Sunday 6 October saw birders from South Africa, Germany, Switzerland and the United Kingdom board the Destiny for another Cape Town Pelagic trip. We were soon racing through the picturesque False Bay accompanied by the regular coastal species, namely; Kelp Gulls, Cape Gannets and Swift Terns. After a brief stop at to photograph the iconic Cape Point and the Cape of Good Hope, we started out towards the trawling grounds.
The sea was rather choppy and going was slow. We soon encountered our first White-chinned Petrels, Sooty Shearwaters and our first Southern Giant Petrel of the day within the first two miles. At about five miles we encountered our first Great Shearwaters of the day. It was here where we also encountered a large Humpback Whale which showed briefly. We eventually made out two long-lining vessels on the horizon and headed in that direction. Rather surprisingly, we only saw our first albatross, a juvenile Shy, at about 16 miles from the point. On arriving at the long liners, we saw they were not yet retrieving their lines but there were some birds about. We soon added Black-browed and Atlantic Yellow-nosed Albatross and Subantarctic Skua. We decided to put out some fish oil to see what else we could bring in. We had great views of all the species mentioned above and eventually managed to draw in a Soft-plumaged Petrel which gave great views to all on board. The oil also managed to attract a couple of Wilson's Storm Petrels. We then noticed a third long liner a bit further out which seemed to have more birds in attendance. We approached and were happy to see that they were indeed retrieving their lines. We spent an extended amount of time with this vessel and added Indian Yellow-nosed Albatross and a single Great-winged Petrel to the day list. We were just beginning to contemplate running for home when a trawler suddenly appeared on the horizon, it was traveling away from us but we decided to run up to her and spend some time in her wake. There were good numbers of birds in attendance and it was here where we finally managed to locate a Northern Giant Petrel. We then had to start the trip back to the relative calm of False Bay where we enjoyed our lunch.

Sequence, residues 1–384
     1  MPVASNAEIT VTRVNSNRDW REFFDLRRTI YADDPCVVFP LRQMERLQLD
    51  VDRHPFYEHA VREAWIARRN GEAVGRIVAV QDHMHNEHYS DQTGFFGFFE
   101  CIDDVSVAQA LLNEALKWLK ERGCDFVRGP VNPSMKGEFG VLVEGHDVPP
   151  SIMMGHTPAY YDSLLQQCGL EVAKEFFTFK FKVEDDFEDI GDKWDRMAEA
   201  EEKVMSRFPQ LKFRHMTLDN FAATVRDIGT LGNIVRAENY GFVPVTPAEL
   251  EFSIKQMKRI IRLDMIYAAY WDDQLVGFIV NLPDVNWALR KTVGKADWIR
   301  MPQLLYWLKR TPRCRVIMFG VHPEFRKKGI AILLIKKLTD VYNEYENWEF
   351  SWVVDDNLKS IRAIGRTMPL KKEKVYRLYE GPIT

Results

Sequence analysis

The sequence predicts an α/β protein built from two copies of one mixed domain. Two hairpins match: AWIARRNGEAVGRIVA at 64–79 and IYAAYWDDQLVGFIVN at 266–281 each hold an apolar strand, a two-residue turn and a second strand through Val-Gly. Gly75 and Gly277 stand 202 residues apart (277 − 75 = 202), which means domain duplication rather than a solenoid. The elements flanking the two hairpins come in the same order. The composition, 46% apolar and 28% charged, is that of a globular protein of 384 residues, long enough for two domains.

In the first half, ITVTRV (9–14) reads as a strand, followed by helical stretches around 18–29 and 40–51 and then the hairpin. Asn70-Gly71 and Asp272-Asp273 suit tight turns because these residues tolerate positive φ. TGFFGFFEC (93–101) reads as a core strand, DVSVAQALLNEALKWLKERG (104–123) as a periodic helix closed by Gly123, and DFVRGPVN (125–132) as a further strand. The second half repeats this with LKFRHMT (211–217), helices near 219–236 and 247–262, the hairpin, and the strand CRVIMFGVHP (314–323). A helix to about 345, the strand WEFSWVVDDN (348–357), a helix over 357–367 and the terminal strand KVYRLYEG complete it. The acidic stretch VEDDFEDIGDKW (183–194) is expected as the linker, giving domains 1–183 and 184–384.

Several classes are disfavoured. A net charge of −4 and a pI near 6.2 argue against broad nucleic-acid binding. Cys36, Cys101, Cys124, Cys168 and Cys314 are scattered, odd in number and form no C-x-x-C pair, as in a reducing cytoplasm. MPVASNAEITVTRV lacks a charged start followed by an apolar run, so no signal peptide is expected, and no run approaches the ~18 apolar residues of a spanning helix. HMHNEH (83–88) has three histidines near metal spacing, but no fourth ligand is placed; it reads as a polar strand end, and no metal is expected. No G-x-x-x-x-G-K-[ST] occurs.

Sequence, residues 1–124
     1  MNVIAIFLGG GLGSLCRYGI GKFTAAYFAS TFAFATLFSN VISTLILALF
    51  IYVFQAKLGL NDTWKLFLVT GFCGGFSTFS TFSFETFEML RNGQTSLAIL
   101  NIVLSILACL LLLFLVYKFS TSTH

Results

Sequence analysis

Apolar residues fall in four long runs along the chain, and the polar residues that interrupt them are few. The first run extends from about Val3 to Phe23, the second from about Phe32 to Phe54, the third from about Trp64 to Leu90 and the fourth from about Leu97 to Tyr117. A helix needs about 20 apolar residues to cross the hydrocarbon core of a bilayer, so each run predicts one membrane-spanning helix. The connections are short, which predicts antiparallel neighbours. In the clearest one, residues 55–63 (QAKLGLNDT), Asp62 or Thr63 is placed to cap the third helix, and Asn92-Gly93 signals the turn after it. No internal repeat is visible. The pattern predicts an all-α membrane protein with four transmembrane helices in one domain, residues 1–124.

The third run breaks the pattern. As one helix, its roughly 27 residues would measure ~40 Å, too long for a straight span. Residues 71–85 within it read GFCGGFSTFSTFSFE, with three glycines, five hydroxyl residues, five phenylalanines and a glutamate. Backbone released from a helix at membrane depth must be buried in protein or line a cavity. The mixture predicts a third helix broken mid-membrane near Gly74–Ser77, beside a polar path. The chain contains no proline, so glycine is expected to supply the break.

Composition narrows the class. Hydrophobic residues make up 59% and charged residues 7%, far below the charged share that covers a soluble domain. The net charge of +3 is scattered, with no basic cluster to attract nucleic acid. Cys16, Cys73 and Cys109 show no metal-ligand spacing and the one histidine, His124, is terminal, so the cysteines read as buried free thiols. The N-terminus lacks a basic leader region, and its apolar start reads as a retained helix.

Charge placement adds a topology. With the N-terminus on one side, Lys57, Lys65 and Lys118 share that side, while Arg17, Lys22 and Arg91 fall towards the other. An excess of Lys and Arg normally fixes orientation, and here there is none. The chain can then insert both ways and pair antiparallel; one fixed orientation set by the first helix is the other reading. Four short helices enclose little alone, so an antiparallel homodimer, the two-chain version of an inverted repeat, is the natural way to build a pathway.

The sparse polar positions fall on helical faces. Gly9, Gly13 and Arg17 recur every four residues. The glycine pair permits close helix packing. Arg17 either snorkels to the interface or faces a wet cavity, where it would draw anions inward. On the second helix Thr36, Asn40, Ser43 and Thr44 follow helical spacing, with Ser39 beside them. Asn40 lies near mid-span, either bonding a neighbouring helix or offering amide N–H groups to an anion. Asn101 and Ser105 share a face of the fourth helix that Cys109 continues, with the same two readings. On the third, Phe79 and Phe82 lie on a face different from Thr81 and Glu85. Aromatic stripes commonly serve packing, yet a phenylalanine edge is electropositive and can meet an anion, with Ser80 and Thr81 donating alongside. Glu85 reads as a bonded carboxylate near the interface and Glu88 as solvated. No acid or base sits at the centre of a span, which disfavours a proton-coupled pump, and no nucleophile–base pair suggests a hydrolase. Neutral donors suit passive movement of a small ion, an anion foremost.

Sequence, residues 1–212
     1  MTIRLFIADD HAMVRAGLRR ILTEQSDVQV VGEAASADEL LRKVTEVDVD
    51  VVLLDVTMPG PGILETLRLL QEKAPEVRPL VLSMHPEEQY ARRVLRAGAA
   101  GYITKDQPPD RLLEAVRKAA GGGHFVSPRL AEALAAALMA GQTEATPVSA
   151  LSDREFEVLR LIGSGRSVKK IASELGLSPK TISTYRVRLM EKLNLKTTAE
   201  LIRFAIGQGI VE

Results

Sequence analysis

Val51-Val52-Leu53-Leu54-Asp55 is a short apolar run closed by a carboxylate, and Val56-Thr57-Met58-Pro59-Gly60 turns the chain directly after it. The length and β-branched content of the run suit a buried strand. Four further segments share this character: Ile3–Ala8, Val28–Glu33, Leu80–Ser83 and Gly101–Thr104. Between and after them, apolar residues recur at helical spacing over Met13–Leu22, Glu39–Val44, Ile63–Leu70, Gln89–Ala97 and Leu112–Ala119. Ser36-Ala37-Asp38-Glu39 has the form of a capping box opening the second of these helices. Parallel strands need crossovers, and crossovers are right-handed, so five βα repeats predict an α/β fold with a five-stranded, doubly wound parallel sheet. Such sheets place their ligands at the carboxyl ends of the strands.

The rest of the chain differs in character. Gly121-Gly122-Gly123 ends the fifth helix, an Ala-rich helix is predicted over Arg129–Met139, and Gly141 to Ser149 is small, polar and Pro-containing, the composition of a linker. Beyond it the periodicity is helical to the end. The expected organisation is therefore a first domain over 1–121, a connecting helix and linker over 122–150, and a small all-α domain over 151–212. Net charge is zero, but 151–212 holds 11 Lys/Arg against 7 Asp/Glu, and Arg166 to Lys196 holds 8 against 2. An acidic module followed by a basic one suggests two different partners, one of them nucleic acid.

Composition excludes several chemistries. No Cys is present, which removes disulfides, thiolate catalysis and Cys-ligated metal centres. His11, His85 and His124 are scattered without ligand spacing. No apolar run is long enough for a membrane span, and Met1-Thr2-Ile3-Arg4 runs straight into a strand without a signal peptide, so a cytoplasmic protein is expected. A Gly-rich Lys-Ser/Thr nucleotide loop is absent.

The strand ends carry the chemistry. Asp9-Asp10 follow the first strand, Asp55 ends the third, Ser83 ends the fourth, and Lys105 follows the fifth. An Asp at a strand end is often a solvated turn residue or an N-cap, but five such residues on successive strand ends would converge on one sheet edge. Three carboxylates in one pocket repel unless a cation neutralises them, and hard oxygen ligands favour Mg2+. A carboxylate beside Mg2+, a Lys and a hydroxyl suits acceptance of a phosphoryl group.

In False Bay, we encountered a very young Humpbacked Whale off Buffel's Bay. The mandatory stop at Partridge Point delivered Bank, Crowned, Cape and White-breasted Cormorant.
Species seen and approximate numbers:
Shy Albatross - c.100
Black-browed Albatross - c.20
Indian Yellow-nosed Albatross - c. 10
Atlantic Yellow-nosed Albatross - c. 20
Cape (Pintado) Petrel - c.10
White-chinned Petrel - c.300
Soft-plumaged Petrel - 1
Great-winged Petrel - 2
Southern Giant Petrel - 5
Northern Giant Petrel - 1
Sooty Shearwater - c.10
Great Shearwater - c. 200
Wilson's Storm Petrel - c.30
Brown (Subantarctic) Skua - 3
Humpback Whale - 2
Cape Fur Seal - Common
A message from Cape Town Pelagics:
A huge thank you to our experienced skippers who are
able to safely lead us to the best birding areas and
skillfully manoeuvre the boat into just the best position
while all on board are busy concentrating on the birds!
Coordinating a pelagic trip over a year in advance
with guests from all across South Africa and different
countries around the world requires an organised office
team. We thank them for their special eye for detail
- and for the sometimes last-minute rearrangements
and frustration if the weather delays the trip to
another day! Our biggest thank-you is to our Cape
Town Pelagics guides who take time out of their work,
often involving seabirds and conservation, and time
away from their families, to provide our guests with
a world-class birding experience. Cape Town Pelagics
donates all it profits to seabirds, and so all the
participants who join the trip make a contribution
towards bird research and conservation - a big thank
you from all of us.
Trip Report by Cape Town Pelagics
guide Cliff Dorse.
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